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Cheese as part of your Paris aperitif

A recent French newspaper article said that fewer varieties of cheeses are being produced in France; production is up on more common industrialized cheeses, while fewer farmers are producing specialized cheeses, many of which have faced extinction.


In light of this potentially life-changing event, you might not want to leave your Paris vacation without trying a few cheeses as an aperitif (apéro) instead of after the main course.


The menu: cheese, wine, accompaniment

Imagine having a cheese tasting (dégustation) while standing in the kitchen, next to an open window overlooking Parisian roof tops, a bottle of white wine, bite size pieces of fresh bread and for greenery, lamb's lettuce (mâche). Ah, c'est la vie!


Taking that first step into the cheese shop

Cheese shops might seem intimidating, but they have the best variety of cheeses and can offer the best advice; or you could go to the grocery store for fresh or packaged cheeses, but far less charming.


Enter saying "bonjour", smile and look interested. If there is a line of people starting to form while they are awaiting your decision, motion to the cheesemonger (fromager) that you are looking. They will get back to you when you let them know that you are ready.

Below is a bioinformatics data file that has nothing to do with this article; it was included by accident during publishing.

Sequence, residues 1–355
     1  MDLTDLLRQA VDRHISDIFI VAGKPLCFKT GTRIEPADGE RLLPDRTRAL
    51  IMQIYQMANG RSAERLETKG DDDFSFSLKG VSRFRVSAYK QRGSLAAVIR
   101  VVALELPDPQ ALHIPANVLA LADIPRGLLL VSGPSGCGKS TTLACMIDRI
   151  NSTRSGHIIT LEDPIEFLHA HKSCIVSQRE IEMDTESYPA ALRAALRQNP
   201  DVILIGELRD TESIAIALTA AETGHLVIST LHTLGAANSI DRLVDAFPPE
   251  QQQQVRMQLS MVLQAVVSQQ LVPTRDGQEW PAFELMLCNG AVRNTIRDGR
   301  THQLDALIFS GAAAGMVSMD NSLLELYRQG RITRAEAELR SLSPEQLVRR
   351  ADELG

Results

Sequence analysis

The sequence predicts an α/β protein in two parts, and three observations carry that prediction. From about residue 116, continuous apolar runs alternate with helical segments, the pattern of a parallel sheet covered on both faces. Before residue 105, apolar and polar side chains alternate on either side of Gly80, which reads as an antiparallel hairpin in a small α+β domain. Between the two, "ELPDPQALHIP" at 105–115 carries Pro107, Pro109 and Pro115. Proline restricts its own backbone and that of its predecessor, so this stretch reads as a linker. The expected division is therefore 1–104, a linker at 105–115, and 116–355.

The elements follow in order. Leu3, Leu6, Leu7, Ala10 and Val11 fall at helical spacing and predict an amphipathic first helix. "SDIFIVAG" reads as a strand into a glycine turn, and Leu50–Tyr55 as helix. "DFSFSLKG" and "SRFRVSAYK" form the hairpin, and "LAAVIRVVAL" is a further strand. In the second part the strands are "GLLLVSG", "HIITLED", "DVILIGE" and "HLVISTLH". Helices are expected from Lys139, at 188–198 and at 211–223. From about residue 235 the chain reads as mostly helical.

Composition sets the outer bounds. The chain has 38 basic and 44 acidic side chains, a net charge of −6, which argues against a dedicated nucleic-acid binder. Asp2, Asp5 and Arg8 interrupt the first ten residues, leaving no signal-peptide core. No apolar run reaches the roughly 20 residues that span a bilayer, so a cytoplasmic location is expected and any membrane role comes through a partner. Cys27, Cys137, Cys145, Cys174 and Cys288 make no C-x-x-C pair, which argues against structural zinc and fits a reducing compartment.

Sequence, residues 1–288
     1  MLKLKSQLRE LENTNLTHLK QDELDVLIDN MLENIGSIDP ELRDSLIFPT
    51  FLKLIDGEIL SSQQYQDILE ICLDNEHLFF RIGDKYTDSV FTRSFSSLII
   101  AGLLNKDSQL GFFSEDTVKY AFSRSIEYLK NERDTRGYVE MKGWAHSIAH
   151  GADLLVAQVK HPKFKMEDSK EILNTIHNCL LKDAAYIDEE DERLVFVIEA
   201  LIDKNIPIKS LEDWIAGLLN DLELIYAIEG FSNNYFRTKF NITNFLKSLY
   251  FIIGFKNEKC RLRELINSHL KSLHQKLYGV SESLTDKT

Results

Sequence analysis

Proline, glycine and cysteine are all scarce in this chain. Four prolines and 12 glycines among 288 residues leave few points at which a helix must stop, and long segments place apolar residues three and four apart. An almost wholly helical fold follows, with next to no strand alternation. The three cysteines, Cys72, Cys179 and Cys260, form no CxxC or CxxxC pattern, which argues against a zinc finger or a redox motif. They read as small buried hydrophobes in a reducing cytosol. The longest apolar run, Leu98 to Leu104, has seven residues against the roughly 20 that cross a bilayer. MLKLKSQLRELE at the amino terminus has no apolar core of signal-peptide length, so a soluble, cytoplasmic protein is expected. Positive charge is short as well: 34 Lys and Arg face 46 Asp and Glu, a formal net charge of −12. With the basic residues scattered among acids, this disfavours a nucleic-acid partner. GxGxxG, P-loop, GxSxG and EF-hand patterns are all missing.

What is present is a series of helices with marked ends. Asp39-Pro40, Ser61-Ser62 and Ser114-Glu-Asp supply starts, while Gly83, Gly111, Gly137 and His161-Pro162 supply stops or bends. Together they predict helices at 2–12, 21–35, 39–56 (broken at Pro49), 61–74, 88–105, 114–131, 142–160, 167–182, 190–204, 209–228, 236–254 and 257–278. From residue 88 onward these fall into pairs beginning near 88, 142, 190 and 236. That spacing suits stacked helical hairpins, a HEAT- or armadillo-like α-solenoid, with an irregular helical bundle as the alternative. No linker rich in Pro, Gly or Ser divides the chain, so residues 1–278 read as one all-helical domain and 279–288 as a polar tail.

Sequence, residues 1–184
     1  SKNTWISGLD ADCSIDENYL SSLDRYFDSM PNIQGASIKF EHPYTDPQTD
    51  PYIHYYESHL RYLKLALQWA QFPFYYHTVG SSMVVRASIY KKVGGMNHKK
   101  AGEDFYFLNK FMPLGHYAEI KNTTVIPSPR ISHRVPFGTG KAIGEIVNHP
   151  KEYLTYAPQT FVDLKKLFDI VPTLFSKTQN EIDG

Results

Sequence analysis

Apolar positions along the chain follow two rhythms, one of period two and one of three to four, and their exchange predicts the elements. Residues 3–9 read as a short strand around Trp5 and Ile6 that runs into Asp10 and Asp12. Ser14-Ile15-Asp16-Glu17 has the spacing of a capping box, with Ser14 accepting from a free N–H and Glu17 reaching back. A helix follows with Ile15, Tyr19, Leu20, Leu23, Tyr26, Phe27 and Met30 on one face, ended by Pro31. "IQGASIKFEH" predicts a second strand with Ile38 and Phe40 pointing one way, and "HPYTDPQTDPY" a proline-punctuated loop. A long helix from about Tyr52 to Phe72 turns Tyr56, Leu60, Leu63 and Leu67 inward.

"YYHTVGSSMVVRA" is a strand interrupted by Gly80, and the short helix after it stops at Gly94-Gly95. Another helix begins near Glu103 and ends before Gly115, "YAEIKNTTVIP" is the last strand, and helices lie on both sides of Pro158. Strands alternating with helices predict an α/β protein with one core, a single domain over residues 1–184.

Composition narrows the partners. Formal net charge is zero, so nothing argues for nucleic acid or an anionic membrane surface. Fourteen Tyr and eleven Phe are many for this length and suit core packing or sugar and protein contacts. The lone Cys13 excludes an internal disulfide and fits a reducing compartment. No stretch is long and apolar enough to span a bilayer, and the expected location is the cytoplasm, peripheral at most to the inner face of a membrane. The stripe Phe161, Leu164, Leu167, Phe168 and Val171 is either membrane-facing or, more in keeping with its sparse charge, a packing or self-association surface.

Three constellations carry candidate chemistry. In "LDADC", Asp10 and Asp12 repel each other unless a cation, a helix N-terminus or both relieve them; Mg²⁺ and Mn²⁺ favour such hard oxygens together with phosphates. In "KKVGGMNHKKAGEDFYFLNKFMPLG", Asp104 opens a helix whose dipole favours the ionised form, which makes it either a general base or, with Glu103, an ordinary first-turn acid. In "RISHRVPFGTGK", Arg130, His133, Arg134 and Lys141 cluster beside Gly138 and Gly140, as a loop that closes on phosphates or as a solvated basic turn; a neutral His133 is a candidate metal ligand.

If your French is limited, the easiest communication is to point and use your hand gestures to determine the size to be cut. It is not necessary to buy the whole piece, unless it is sold by the piece (pièce). Keep reading for more ideas...

Take notes of the cheese you have purchased. The notes will be big help when you are researching later just what the name of that smelly cheese was! The names are not always common and often refer to a region.


Not being a cheese expert myself, a map of France from Monoprix in our kitchen provides the cheese seasons, shows cheese regions and what is produced, and gives wine suggestions. Another source is the interesting French Cheese book.


Decide if you want goat (chèvre), cow (vache) or ewe (female sheep) from the Pyrenées mountains (brebis). Why not try all three. Often you will find the stronger the smell, the more the taste....


One day we tried a Banon de Banon in the southern Alps-Haute Province, a Brie de Meaux (region of Paris/Ile-de-France) and a Beaufort (region of Alps-Savoy).


Banon is a town in Provence. After a maturation of two weeks the goat's milk cheese is wrapped in a chestnut leaf and then dipped in eau-de-vie (brandy) and; the alcohol protects the cheese against bad mold.


Meaux is in the Seine-et-Marne region of Ile-de-France (close to Disneyland Paris). Its Brie obtained its AOC rating in 1980. "Approximately 25 liters of milk are needed to make on Brie de Meaux."


Beaufort is a large, round mountain cheese produced in the province of Savoir in the French alps.  The average weight of a whole Beaufort is about 45 kilos (90 lbs) or all the milk produced by 45 cows in one day.